The most horrific disease at the time of the Knights Templar

Imagine a disease that results in you losing your fingers and toes, your nose collapsing and going blind – just because somebody sneezed over you. By the time the Knights Templar were formed in the early 1100s, Europe was in the grip of a leprosy epidemic. Villages all over England saw poor unfortunates excluded and shunned for bearing the tell-tale signs of Hansen’s disease.

leper monks
A bishop confronted by several monks in the 1300s who have got leprosy

You had to come into close contact with an untreated leper and be exposed to their nasal droplets but clearly this happened as more and more people succumbed. In the period in which the Templar order existed – 1118 to 1314 – over 300 leper houses were established across England. Some believed that if they were kind to lepers, then God would shorten their time in purgatory after they died for their acts of charity to the afflicted.

But many more medieval folk simply wanted lepers shunted away and unseen. They even insisted that they carry a bell around their neck to announce that they were in the vicinity. You can imagine the terror that some superstitious and ignorant peasants felt when they heard that bell coming towards them. They might have hidden behind a bush until the sad, bedraggled figure limped past.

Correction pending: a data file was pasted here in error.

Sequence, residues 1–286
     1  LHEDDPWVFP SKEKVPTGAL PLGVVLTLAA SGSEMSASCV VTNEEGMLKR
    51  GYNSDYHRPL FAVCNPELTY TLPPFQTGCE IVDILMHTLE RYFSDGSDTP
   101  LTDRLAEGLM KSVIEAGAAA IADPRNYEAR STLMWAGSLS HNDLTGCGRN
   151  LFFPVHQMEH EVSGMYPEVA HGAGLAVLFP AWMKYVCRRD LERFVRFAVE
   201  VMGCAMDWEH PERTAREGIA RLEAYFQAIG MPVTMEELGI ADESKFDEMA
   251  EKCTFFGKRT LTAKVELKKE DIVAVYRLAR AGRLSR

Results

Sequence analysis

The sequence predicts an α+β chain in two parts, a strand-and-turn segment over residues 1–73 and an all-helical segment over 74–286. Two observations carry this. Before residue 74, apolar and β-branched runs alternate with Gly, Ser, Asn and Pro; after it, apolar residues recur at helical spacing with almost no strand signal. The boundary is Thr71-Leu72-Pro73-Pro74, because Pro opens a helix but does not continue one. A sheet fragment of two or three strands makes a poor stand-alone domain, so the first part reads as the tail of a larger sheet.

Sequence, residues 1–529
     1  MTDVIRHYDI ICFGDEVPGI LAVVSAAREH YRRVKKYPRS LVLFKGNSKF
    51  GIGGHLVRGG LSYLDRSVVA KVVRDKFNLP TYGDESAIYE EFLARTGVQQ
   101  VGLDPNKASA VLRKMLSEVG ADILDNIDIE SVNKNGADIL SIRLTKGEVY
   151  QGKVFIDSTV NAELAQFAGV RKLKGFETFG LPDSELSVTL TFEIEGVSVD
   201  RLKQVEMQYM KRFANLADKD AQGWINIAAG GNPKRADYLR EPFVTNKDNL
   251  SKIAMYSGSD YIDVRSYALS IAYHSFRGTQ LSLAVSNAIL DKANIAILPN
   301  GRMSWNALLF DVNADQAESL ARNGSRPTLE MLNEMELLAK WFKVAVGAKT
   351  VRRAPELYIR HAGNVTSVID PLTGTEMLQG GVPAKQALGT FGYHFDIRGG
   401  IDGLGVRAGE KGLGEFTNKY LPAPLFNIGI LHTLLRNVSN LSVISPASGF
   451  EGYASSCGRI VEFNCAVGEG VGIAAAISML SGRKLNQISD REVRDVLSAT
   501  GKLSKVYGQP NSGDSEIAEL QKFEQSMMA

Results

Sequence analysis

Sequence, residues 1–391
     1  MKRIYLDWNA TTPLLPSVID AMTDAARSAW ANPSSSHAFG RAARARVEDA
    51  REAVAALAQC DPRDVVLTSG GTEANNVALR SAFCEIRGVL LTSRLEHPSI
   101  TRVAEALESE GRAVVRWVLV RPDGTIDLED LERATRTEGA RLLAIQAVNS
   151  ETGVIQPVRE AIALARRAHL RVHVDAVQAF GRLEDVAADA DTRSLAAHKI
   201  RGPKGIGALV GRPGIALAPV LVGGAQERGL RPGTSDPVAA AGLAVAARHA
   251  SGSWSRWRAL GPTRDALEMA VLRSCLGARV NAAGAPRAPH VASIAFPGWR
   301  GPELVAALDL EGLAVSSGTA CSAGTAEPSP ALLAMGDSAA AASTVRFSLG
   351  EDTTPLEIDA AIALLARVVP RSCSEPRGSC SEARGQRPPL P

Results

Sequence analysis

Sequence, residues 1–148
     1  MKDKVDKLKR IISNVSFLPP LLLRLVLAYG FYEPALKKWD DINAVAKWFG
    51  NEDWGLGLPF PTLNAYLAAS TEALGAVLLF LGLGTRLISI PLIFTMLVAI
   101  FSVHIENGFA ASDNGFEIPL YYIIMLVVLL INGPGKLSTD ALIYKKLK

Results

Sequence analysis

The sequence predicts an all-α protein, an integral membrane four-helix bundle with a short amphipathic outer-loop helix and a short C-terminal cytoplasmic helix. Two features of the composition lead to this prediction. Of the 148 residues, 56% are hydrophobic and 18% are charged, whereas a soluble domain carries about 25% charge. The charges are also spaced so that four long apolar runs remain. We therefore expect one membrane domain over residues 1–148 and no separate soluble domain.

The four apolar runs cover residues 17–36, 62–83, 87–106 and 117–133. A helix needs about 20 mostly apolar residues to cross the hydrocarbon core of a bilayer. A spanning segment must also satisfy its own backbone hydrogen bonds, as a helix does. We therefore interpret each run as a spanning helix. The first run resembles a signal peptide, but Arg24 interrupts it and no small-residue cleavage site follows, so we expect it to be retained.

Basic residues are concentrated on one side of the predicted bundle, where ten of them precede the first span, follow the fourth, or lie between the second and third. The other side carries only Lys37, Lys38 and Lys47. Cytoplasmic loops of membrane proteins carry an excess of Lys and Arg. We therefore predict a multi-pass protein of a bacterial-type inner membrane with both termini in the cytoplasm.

The bacteria that causes leprosy – Mycobacterium leprae – is slow growing and today very treatable. But of course with no modern medicine in the medieval period, an infected person could expect a long period of painful suffering before death. And I’m talking years here.

Greensted-Church-Essex-Lepers-Squint
The leper squint at Greenstead

So in my book Quest For The True Cross – I have a village leper called Jake, once a respected member of the community and now an outcast. Somebody like him would have been a familiar figure. Villagers might have remembered him as a fixture down the local tavern but now reduced to being treated like a dog with scraps thrown to him while he watched holy mass through a hole in the church wall – called a “leper squint”. There is one such squint in a Saxon church at Greenstead near where I grew up.